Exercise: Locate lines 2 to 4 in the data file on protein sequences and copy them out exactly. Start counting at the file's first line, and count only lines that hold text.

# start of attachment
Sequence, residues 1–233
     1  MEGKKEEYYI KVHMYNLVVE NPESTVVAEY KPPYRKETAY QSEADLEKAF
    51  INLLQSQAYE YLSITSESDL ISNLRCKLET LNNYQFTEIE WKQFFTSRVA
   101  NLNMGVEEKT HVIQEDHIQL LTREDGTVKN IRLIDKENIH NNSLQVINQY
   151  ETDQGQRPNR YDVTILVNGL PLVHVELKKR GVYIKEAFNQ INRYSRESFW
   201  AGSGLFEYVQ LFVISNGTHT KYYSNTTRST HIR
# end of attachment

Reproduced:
     1  MEGKKEEYYI KVHMYNLVVE NPESTVVAEY KPPYRKETAY QSEADLEKAF
    51  INLLQSQAYE YLSITSESDL ISNLRCKLET LNNYQFTEIE WKQFFTSRVA
   101  NLNMGVEEKT HVIQEDHIQL LTREDGTVKN IRLIDKENIH NNSLQVINQY